With cool weather approaching, a rush of colds and coughs emerge among the public. As temperatures drop, the focus of our attention should be on our line of defense against the bugs that always creep up on us. The first step and easiest way to defend your body from infection is quick, inexpensive, and fairly convenient. Most of us learned this trick when we were small children. Can you guess what it is yet?
Wash your hands! Washing hands is a part of daily hygiene that too many people underestimate the power of. This simple action is looked over by thousands of people daily, but it is one of the most effective ways to prevent disease. Ok, you’ve heard the preaching. Now, why is it so important and effective?
Germs, or microorganisms that infect humans and use the human body to generate more infectious microorganisms, can be transmitted many ways.
- Touching dirty hands
- Changing dirty diapers
- Through contaminated water and food
- Through droplets released during a cough or a sneeze
- Via contaminated surfaces
- Through contact with a sick person's body fluids
After contact with anything that could be contaminated, a person should wash their hands with soap and running water. Germs cannot be seen by the human eye alone. Therefore no one really knows if they have germs on their hands that they could spread to someone else. Soap binds to dirt particles that could be harboring pathogens (harmful microorganisms), while the running water helps to rinse the dirt particles off, hence, why both soap and water should be used instead of just water.
If soap and water are unavailable, use an alcohol-based hand sanitizer containing at least 60% alcohol to clean hands. Be careful not to rely on hand sanitizer too much, and do not replace soap and water with hand sanitizer. While sanitizer is very effective for reducing the number of germs in some situations, hand sanitizers are not as effective when hands are visibly dirty.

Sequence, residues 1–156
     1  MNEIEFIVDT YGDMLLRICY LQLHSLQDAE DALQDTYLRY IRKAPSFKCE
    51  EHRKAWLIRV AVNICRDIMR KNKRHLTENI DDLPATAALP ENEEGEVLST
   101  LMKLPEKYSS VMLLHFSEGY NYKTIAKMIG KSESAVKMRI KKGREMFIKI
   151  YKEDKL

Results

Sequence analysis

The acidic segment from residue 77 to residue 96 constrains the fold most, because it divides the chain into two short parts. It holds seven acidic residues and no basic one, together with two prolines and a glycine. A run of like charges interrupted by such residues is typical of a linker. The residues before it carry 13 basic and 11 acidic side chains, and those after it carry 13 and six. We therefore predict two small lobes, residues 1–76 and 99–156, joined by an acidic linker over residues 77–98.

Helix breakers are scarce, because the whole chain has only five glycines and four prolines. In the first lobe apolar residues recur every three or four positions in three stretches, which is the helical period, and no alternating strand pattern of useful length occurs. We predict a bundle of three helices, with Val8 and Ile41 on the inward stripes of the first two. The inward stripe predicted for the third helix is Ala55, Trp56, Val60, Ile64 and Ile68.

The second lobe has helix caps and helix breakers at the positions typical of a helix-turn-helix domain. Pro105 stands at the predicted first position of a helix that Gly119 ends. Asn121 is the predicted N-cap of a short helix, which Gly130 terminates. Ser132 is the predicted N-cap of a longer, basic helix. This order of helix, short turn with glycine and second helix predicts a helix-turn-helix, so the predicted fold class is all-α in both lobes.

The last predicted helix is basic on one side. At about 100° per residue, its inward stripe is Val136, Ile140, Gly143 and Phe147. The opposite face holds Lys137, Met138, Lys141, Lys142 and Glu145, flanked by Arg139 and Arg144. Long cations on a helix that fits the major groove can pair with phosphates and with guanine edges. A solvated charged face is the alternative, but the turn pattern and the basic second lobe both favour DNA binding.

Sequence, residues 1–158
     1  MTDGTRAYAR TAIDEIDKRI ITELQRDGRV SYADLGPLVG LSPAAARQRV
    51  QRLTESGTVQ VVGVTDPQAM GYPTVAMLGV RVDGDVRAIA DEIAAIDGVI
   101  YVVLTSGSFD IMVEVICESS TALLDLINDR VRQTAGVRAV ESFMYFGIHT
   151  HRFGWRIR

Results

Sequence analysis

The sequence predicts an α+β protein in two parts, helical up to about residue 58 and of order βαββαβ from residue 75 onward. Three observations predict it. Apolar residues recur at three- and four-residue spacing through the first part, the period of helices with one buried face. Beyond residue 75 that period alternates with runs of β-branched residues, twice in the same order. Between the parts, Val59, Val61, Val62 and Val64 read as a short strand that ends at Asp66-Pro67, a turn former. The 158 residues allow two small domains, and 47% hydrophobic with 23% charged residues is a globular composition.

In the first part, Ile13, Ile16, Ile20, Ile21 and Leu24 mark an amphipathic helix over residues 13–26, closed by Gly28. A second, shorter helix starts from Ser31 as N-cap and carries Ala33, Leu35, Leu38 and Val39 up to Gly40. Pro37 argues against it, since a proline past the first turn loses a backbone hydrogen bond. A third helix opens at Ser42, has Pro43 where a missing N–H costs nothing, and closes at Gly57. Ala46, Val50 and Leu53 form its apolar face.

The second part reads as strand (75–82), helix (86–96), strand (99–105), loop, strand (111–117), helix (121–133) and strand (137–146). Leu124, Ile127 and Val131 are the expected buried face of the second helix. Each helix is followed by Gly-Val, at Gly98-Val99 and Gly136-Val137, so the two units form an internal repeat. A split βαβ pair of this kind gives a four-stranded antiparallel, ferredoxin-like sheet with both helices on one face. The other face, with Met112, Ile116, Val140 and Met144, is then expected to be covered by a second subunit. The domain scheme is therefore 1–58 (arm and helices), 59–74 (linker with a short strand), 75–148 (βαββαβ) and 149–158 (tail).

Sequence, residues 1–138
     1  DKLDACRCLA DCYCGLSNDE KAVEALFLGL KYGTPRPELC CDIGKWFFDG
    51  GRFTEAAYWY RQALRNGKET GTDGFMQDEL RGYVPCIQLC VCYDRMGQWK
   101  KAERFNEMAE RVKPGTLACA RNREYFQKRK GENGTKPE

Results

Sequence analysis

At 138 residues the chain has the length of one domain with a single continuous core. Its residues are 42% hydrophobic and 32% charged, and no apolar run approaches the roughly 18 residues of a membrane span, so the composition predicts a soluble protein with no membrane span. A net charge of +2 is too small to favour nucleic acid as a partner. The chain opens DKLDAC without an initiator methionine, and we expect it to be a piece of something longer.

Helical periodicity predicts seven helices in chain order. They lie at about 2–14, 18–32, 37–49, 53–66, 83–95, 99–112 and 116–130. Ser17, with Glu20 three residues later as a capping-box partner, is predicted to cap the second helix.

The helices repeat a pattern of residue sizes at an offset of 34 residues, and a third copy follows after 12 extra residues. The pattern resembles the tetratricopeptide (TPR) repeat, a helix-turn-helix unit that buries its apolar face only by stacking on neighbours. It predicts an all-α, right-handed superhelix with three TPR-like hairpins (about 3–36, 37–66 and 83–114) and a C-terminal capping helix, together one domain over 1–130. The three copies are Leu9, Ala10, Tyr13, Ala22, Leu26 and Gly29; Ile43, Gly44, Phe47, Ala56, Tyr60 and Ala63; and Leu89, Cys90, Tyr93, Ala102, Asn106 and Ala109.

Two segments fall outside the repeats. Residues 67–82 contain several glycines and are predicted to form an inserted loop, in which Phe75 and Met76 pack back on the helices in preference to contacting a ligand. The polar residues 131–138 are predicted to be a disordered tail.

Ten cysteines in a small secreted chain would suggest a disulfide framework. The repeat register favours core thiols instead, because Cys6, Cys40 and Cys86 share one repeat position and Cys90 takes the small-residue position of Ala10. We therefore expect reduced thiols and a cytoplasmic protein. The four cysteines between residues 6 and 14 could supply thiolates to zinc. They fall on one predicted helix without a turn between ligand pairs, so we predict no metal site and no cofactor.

Moments when one should wash his or her hands:
- Before, during, and after preparing food
- Before eating food
- Before and after caring for someone who is sick
- Before and after treating a cut or wound
- After using the toilet
- After changing diapers or cleaning up a child who has used the toilet
- After blowing your nose, coughing, or sneezing
- After touching an animal or animal waste
- After handling pet food or pet treats
- After touching garbage
The last thing to remember about washing hands is that there is a right way or best way to go about hand washing. If you want to avoid getting sick. Your first step is to follow these steps.
- Wet your hands with clean, running water (warm or cold). Let the water run over your hands for a few seconds. Then, apply soap.
- Rub your hands together to make a lather and scrub them well; be sure to scrub the backs of your hands, between your fingers, and under your nails.
- Continue scrubbing and lathering your hands for at least 20 seconds. This is about the time it takes to sing “happy birthday” twice.
- Rinse your hands well under running water.
- Leave the water running and grab a paper towel.
- Dry your hands using a clean towel or air dry them.
- Use the paper towel to open the bathroom door if using a public bathroom.
National Institute of Health
Center for Disease Control and Prevention